A Small Adventure
Pemayangste Monastery is outside Pelling in West Sikkim. It has a school for hundreds of kids. Pelling had one of the original capitals of the Sikkimese monarchy before the Bhutanese destroyed it. Now it is a strip of hotels for tourists. The pictures are taken from the top of a water tower.
My adventure has now taken me to the north Indian Himalayan state of Sikkim, formerly an independent Buddhist monarchy until 1975. It is almost entirely mountainous, and completely beautiful. I came here to study the effects of the 6.8 earthquake that happened here on September 18. It killed hundreds of people and damaged buildings and monasteries. So far I have stayed in the capital city of Gangtok, a city build on the edges of a valley, perpetually misty and cold and wet in a way that reminds me of Seattle. I am staying with an awesome man named Yeshe, who's family left from Tibet three generations ago. His has a very religious family; his father was a famous lama and his brother is a lama too. He lives in an amazing house that overlooks a lot of the city. He gives me the feeling that is is some kind of former Tibetan royalty.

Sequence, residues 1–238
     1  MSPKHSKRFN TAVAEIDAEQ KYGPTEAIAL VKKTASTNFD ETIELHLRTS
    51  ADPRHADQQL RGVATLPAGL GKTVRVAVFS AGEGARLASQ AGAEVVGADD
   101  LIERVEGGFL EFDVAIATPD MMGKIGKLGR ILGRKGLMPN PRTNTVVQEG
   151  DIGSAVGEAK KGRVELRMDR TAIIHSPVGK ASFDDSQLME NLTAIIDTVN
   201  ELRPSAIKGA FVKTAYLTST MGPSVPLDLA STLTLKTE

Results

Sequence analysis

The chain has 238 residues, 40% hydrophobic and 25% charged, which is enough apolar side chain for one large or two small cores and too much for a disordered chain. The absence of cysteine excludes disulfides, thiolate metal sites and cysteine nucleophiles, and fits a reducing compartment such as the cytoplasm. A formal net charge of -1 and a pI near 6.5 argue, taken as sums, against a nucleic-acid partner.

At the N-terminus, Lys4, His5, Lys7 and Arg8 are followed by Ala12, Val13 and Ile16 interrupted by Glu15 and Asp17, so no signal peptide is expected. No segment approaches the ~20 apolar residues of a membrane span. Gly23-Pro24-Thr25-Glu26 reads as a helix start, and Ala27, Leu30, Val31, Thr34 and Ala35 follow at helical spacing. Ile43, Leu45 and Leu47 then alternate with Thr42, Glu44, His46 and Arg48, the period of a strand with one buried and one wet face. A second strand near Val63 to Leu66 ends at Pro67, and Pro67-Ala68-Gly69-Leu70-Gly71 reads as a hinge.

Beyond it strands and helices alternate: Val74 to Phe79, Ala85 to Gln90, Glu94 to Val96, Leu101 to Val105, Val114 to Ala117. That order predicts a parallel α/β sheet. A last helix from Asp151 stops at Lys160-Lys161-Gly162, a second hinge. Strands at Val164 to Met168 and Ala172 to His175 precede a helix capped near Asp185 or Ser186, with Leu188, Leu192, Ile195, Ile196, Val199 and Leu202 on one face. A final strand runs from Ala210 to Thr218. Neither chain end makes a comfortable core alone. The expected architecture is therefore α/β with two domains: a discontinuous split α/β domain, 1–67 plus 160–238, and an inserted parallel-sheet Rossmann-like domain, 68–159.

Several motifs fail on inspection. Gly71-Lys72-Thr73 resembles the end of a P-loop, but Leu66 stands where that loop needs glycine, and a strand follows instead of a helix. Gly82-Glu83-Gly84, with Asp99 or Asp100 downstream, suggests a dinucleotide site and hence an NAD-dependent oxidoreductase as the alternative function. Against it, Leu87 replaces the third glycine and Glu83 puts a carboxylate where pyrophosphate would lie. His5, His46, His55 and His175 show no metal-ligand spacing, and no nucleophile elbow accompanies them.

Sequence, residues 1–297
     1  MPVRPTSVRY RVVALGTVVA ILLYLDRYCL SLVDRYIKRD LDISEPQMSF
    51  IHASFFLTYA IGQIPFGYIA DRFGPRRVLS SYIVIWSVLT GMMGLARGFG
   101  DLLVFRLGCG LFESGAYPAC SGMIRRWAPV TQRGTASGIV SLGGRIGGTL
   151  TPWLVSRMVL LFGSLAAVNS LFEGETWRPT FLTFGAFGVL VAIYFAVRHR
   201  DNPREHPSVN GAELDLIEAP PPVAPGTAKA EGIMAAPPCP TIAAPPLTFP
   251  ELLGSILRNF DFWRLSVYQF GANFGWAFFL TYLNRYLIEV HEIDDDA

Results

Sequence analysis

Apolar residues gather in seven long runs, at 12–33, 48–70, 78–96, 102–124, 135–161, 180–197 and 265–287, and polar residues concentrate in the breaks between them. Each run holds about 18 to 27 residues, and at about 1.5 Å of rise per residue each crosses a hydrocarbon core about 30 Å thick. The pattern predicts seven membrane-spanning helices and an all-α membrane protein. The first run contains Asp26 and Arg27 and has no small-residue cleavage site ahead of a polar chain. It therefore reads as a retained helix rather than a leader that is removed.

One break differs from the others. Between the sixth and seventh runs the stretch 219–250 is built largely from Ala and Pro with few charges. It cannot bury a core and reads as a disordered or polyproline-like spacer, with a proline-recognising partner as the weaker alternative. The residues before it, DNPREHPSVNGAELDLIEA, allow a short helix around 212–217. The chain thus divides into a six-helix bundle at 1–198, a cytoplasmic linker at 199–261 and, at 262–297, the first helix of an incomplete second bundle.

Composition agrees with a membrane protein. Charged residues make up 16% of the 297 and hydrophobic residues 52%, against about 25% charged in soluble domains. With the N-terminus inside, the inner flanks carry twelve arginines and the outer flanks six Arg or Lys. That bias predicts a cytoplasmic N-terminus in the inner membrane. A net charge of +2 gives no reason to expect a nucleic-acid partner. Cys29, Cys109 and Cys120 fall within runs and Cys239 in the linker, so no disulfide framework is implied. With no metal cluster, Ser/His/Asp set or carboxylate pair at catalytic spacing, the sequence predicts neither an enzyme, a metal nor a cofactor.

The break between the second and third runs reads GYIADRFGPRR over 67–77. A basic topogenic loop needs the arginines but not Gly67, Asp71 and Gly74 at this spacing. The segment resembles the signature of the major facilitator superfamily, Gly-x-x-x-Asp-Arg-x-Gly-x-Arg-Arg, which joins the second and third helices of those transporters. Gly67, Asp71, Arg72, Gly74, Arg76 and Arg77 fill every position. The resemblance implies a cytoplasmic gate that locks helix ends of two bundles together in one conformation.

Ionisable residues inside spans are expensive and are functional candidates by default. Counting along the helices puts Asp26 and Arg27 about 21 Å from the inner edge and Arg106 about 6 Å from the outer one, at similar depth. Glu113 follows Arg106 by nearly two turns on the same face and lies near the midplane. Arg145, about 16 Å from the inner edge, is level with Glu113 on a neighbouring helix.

Sikkim is a totally different kind of Indian state than Bihar, where Bodhgaya is located. There are stringent littering and pollution laws, everything is clean, people are friendly and are not just out to steal your money. There are a bunch of different ethnic groups in the state: the Lepchas are the original inhabitants, then came the Tibetan Bhutias, then Nepalese seeking jobs, and now workers from other parts of India, mainly laborers and rich business men.
I have since left Gangtok and I am now staying in a hotel town called Pelling, 6 hours away, but only 140km. For the past few days I have been helping repair a monastery that was damaged in the quake. The temple, Pemayangste, was once the royal monastery of the Chogyal, or king, but has since taken a backseat in terms of political influence. Only men who are direct descendants of the original families moving to Tibet are allowed to ordain there. It mainly serves as an elementary school at this point; when students are old enough, they go to university in the larger cities. The temple itself is three levels of beautiful artwork, statues and paintings.
Overall, Sikkim is one of the most inspiring places I have ever been. Also, seven inch spiders live here. One almost touched my hand when it was riding on a bag I was loading off a Jeep.